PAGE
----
Hambridge History, Family Crest & Coats of Arms

Of all the Anglo-Saxon names to come from Britain, Hambridge is one of the most ancient. The name is a result of the original family having lived in the parish of Hanbury in the county of Oxford. [1]

Henry de Hambury (fl. 1330), was an early English judge, the a son of Geoffrey de Hambury of Hambury or Hanbury in Worcestershire. [2]

Early Origins of the Hambridge family

The surname Hambridge was first found in Oxfordshire and Gloucestershire, where evidence suggests they held a family seat before the Norman Conquest. Hambrook is a village and hamlet in the parish of Winterbourne, South Gloucestershire. Whereras, Handbrough is a parish, in the union of Witney, hundred of Wootton in the county of Oxford. Both villages have remained small through the ages. Hambrook had about 600 inhabitants and Handbrough (Hanborough) had about 1,000 inhabitants as of a census in the late 1800s. The latter villages dates back to at least the Domesday Book where it was listed as Haneberge [3] and literally meant "hill of a man called Hagena or Hana" derived from the Old English personal name + beorg. Hambrook also dates back to the Domesday Book where it was listed as Hanbroc. [3] In this case, the village literally meant "brook by the stone" from the Old English han + broc. [4]

Early History of the Hambridge family

This web page shows only a small excerpt of our Hambridge research. Another 153 words (11 lines of text) covering the years 1086, 1086, 1273, 1273 and 1330 are included under the topic Early Hambridge History in all our PDF Extended History products and printed products wherever possible.

Hambridge Spelling Variations

The first dictionaries that appeared in the last few hundred years did much to standardize the English language. Before that time, spelling variations in names were a common occurrence. The language was changing, incorporating pieces of other languages, and the spelling of names changed with it. Hambridge has been spelled many different ways, including Hambro, Hambrow, Hambury, Hamborough, Hamboro and others.

Early Notables of the Hambridge family (pre 1700)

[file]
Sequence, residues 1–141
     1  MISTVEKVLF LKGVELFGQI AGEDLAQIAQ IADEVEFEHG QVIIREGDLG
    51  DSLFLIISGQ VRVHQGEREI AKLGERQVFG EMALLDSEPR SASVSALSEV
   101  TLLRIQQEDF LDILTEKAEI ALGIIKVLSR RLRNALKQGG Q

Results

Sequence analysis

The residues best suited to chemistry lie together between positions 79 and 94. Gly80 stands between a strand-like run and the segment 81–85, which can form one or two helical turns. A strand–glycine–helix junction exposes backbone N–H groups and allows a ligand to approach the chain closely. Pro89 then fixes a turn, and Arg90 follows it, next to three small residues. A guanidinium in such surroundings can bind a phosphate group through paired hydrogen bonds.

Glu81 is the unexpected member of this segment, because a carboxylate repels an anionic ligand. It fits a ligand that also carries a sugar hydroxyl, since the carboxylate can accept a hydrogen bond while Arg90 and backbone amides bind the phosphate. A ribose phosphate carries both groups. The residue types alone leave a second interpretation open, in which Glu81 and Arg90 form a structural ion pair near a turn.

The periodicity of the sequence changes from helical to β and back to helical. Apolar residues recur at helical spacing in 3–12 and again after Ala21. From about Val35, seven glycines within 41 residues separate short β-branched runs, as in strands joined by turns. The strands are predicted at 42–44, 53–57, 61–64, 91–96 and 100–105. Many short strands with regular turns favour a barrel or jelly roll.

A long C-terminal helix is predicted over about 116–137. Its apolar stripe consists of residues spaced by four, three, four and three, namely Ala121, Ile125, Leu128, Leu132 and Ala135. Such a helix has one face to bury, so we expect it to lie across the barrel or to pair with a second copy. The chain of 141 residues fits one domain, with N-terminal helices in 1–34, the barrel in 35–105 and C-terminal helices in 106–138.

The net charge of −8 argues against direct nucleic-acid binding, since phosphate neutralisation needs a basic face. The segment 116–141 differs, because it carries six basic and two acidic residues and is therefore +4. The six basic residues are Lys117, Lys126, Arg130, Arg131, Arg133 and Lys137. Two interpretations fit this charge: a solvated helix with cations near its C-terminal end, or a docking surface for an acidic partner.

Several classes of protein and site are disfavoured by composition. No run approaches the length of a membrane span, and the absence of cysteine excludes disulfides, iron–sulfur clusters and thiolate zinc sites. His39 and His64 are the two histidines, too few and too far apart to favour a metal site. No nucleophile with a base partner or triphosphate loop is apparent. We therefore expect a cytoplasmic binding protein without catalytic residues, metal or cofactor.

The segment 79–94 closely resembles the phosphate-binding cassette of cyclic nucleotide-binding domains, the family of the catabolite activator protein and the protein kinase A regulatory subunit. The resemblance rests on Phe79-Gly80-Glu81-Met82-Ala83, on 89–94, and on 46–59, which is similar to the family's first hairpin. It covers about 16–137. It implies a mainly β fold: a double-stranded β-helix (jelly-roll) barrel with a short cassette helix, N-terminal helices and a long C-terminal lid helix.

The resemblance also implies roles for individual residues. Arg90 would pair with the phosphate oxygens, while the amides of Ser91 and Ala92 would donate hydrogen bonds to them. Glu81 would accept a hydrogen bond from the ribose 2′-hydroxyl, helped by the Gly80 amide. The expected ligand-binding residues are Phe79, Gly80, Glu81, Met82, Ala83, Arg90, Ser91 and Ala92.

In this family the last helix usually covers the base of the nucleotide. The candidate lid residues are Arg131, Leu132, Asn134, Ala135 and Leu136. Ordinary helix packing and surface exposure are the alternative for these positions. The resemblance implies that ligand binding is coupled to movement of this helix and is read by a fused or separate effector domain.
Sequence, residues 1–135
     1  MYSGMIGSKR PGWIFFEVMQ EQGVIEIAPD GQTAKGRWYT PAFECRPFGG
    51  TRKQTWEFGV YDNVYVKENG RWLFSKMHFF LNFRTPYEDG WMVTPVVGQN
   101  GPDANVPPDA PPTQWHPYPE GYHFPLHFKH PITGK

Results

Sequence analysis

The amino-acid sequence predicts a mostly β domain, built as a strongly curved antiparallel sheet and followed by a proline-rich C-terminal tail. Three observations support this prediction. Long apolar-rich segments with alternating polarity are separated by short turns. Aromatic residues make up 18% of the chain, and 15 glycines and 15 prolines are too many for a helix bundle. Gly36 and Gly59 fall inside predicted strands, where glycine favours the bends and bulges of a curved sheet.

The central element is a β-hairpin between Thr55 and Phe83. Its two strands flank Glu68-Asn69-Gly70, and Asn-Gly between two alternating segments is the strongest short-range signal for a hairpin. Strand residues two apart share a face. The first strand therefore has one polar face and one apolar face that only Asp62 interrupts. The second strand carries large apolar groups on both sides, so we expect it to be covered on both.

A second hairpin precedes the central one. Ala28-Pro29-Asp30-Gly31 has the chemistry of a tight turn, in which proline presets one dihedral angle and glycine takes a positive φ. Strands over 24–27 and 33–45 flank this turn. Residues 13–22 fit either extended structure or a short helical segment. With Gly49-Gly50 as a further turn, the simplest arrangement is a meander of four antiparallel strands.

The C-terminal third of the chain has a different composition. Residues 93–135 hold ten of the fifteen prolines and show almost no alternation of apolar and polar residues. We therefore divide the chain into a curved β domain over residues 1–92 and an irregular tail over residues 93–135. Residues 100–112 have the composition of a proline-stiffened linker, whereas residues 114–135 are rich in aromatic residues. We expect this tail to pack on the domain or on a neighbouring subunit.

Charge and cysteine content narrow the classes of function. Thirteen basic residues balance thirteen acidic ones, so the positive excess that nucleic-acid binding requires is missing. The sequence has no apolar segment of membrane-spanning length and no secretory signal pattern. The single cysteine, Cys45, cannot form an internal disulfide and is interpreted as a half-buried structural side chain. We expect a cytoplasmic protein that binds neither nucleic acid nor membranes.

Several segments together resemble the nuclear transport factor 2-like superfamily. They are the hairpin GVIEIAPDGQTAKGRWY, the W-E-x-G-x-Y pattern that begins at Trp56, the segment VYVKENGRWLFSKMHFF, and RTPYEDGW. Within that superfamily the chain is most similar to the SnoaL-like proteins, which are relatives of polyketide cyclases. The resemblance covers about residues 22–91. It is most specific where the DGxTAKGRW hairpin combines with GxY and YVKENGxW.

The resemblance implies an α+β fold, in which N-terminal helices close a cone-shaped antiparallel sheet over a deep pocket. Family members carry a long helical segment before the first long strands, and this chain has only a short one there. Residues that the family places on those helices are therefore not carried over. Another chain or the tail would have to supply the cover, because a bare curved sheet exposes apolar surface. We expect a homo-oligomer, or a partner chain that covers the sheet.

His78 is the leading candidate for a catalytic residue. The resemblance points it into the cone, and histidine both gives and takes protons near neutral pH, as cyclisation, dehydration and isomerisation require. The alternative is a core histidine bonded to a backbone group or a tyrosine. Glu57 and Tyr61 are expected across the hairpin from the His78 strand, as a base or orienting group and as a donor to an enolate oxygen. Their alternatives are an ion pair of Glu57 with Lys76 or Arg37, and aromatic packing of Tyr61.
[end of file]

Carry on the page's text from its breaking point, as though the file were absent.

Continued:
Another 43 words (3 lines of text) are included under the topic Early Hambridge Notables in all our PDF Extended History products and printed products wherever possible.

Ireland Migration of the Hambridge family to Ireland

Some of the Hambridge family moved to Ireland, but this topic is not covered in this excerpt. More information about their life in Ireland is included in all our PDF Extended History products and printed products wherever possible.


United States Hambridge migration to the United States +

Thousands of English families in this era began to emigrate the New World in search of land and freedom from religious and political persecution. Although the passage was expensive and the ships were dark, crowded, and unsafe, those who made the voyage safely were rewarded with opportunities unavailable to them in their homeland. Research into passenger and immigration lists has revealed some of the very first Hambridges to arrive in North America:

Hambridge Settlers in United States in the 17th Century
  • Rowland Hambridge, who arrived in Philadelphia, Pennsylvania in 1683 [5]


The Hambridge Motto +

The motto was originally a war cry or slogan. Mottoes first began to be shown with arms in the 14th and 15th centuries, but were not in general use until the 17th century. Thus the oldest coats of arms generally do not include a motto. Mottoes seldom form part of the grant of arms: Under most heraldic authorities, a motto is an optional component of the coat of arms, and can be added to or changed at will; many families have chosen not to display a motto.

Motto: Honestum utili praefero
Motto Translation: I prefer honesty to profit.


  1. ^ Lower, Mark Anthony, Patronymica Britannica, A Dictionary of Family Names of the United Kingdom. London: John Russel Smith, 1860. Print.
  2. ^ Smith, George (ed), Dictionary of National Biography. London: Smith, Elder & Co., 1885-1900. Print
  3. ^ Williams, Dr Ann. And G.H. Martin, Eds., Domesday Book A Complete Translation. London: Penguin, 1992. Print. (ISBN 0-141-00523-8)
  4. ^ Mills, A.D., Dictionary of English Place-Names. Oxford: Oxford University Press, 1991. Print. (ISBN 0-19-869156-4)
  5. ^ Filby, P. William, Meyer, Mary K., Passenger and immigration lists index : a guide to published arrival records of about 500,000 passengers who came to the United States and Canada in the seventeenth, eighteenth, and nineteenth centuries. 1982-1985 Cumulated Supplements in Four Volumes Detroit, Mich. : Gale Research Co., 1985, Print (ISBN 0-8103-1795-8)


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